This page details the first significant buck I have killed in my entire life. I started bow hunting at age 13 and didn't kill this one until age 41. Obviously there were many years I didn't hunt, such as college, when I first got married, started a family, and moved down to Ft. Worth Texas. But upon returning to Indiana in 2000, I began the quest to kill a descent buck. Patience was something I had to learn and practice year after year for over a decade.
This page will outline all information known about this buck and detail the hunt itself. The thought process around this entire page and the other buck pages is to connect the dots towards understanding the property and how whitetails behave and utilize the 63 acres.
This was the year I first met Jim Ward. He pushed me to try extreme scent control methods and also to hold off hunting until early November. He pushed me to wait until Nov. 7th, but I began hunting on the 5th. This was the first day I would see this buck on the hoof. I knew this buck immediately as I recognized the rack from the trail camera photo shown above as the header of this page. This buck had visited the mineral station and had a unique rack, including a damaged brow tine.
I was sitting in the north stand just west of a main bedding area we had created in May. I was excited as I felt this stand had a lot of potential. I remember the morning was cool with the wind out of the southwest. I heard something and spotted this buck entering the area on the east / west trail. He was heading west and walked right in behind my stand. Even with bow in hand, I could not even think about getting a shot off due to the brush behind me. A descent shooting lane on the back side of the tree should have been cleared....lesson learned.
The buck looked up at me and seemed a little nervous, but did not act as if he smelled me at all. He slowly walked further west and disappeared. This direction of travel is important and foreshadows the next events. I hunted a couple more days and did not see this buck again. Then on Nov. 8, 2011, I was hunting in the west stand which is just about 60 yards off of the south side of the Main Plot. Again, the wind was out of the SW. As it started to get dark, I was scanning the woods and saw this buck walking on the trail just north of my stand. He was about 50 yards away and was traveling towards the Main plot, heading east. Now I was beginning to put together his travel routine. He was basically making a big counterclockwise circle with the top of the circle being the north end of the property. He would circle and end up in the Main Plot in the evenings.
Now I had a decision to make. Do I sit in the same stands and hope I get a shot, or install a new stand right on the Main Plot South Section? I consulted a friend a decided I needed to install a new stand. After the morning hunt on Nov. 9th, I quickly got my tractor, chain saw, and other equipment. I took the climbing sticks and stand to the Main Plot and picked out the tree I wanted about 15 yards off of the edge of the field. It took me a couple of hours to install the climbing sticks and cut shooting lanes using the chain saw. I left the tractor running the entire time to keep a familiar noise going for the deer and not make them feel threatened as I drive the tractor all over the property, so they are well aware of it.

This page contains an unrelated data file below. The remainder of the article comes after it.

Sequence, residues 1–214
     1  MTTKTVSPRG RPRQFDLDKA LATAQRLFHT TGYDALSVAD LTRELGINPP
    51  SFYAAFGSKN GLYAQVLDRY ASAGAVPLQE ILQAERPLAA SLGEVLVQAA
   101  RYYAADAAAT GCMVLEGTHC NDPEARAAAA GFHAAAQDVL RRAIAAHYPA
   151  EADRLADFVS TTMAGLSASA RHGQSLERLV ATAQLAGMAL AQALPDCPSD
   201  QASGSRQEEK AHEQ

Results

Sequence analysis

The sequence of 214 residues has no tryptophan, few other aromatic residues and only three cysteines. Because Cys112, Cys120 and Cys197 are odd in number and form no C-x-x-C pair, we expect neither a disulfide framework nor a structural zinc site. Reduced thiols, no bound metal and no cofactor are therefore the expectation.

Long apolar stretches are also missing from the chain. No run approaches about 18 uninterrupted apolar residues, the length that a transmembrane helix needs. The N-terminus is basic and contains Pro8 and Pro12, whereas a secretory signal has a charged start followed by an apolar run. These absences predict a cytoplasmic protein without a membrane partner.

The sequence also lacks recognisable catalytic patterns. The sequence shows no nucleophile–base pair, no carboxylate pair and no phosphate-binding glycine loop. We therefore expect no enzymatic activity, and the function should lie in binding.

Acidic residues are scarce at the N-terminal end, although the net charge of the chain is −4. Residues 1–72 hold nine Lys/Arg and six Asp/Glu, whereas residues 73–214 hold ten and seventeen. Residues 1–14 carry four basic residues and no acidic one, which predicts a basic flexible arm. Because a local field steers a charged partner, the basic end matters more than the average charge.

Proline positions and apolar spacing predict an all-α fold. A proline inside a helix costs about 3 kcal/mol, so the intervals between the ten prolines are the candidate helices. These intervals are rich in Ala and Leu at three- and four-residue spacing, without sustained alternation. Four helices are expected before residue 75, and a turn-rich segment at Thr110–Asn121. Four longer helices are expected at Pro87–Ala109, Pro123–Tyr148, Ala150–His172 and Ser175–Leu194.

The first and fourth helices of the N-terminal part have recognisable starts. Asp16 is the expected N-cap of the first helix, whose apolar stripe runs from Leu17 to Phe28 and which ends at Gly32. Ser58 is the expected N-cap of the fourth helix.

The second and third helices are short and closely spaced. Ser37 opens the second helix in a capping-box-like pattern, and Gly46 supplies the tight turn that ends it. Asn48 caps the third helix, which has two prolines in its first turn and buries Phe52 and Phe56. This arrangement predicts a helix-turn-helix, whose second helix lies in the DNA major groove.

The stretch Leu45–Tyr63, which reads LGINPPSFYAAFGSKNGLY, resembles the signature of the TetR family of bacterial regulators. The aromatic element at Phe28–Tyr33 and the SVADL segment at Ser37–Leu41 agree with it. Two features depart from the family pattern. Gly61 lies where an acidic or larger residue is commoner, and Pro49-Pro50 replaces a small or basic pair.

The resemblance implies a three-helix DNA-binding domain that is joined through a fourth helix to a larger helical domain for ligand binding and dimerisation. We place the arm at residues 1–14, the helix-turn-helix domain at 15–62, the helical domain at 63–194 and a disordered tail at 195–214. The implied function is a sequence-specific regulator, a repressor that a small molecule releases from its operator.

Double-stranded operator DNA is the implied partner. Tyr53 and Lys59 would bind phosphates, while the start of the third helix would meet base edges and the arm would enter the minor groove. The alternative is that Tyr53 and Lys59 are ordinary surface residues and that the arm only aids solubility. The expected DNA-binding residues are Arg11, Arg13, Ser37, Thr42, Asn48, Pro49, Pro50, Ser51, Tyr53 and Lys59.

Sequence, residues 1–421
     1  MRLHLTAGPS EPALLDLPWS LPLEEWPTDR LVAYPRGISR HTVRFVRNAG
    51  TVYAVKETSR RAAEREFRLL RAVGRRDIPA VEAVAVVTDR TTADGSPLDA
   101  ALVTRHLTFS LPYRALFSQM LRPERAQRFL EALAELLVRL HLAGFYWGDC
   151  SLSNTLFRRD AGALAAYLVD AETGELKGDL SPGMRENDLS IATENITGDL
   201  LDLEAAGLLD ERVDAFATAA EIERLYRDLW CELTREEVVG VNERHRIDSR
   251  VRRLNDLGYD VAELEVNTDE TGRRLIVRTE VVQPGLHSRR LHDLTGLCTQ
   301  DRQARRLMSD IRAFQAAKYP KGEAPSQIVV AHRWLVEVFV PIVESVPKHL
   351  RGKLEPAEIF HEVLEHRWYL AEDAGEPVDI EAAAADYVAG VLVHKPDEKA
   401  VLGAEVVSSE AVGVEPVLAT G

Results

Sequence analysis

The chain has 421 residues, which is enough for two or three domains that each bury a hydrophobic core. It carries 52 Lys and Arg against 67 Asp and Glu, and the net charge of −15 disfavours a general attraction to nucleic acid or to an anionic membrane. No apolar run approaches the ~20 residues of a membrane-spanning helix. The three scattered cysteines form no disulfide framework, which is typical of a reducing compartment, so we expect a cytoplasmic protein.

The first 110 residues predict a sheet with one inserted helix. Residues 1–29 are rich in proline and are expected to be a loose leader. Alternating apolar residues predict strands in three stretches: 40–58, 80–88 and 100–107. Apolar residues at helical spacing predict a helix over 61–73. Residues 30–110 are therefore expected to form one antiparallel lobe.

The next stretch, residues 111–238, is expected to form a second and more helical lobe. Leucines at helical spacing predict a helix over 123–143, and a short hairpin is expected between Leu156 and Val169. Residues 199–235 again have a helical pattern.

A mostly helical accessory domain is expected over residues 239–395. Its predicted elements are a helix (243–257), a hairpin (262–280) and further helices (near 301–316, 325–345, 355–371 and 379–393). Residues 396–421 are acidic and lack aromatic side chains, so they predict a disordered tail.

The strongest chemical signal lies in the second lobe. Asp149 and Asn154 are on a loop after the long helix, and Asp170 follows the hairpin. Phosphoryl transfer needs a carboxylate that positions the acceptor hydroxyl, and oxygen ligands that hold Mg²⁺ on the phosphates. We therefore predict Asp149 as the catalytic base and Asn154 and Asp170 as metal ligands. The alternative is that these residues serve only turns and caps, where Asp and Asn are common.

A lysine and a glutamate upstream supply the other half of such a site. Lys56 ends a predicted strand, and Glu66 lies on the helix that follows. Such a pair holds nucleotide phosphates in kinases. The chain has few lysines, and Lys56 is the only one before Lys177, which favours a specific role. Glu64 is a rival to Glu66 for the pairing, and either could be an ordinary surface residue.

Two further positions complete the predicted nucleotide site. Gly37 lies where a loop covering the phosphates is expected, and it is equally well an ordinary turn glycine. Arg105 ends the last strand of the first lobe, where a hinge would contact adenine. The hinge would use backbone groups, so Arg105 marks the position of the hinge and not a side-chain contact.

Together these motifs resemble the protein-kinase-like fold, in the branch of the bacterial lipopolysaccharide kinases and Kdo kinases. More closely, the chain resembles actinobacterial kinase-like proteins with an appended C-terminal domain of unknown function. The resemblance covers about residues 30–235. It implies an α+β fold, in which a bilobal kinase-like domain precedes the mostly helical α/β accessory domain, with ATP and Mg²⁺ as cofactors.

I made my way back to the truck and completed a quick in the field shower to try to ensure scent control. I put on new clothes and walked right back to the stand. As the sun began to set, I had a doe come running into the field from the north. The wind was again out of the SSW, so my scent control had to be working as she never acted alarmed. She was quickly followed by the buck, who entered the field with a loud grunt and snort-wheezed. He then began to walk east away from my stand. I quickly grabbed my grunt call and gave it a shot. He didn't even react. I then sounded a snort-wheeze, which got his attention. He stopped, looked, back then proceeded to walk east. I let out a second snort-wheeze and this time he was hooked. The buck immediately turned and began walking right to my stand all bristled up and walking side-ways, basically saying "bring it on".
As he crossed into my shooting lane broadside, I let out a doe bleat. Instead of simply stopping, he turned completely facing me. I was at full draw and had to make a decision on what to do. The buck became nervous and turned to run. As he turned, I released the arrow hitting him way towards the back on his right side. Probably the worst shot in my life. I heard the arrow hit and he ran off north into the woods. I new it was a bad shot and feared it only injuring him. Upon exiting the stand, I found blood everywhere. Not just a little, but a lot. It was clear I had hit a major artery and he was going to die quickly. I began tracking the buck after a few minutes and found him within 50 yards into the woods.
Date: November 9, 2011
Score: 122" total
Age: Based on jawbone aging evaluation, believed to be 4.5 years old.
Wind: SSW - Buck was shot to the north or down wind of my position (scent control worked)
Property Location: Main Plot South in Whitetail Clover and Chickory
Location of Shot: Right side Femoral Artery
Buck Activity at Time of Shot: Chasing a Doe into the field
Sightings: One trail camera picture, which is the heading on this page. He was seen from stand three times total, all directly down wind of my location.
Calls: Grunt and Snort-Wheeze
Don't shoot at deer when they turn to run!
Don't bleat at a buck and be surprised when he turns and faces you head on.
Always ensure plenty of shooting lanes to allow shots in many directions around each stand (missed opportunity on Nov. 5th)
Be persistent with tracking as you never know how lethal the hit will be.
Extreme Scent Control tactic learned from Jim Ward works.
Be aggressive with stand locations and don't be afraid to move or put up a new stand even in the middle of the season.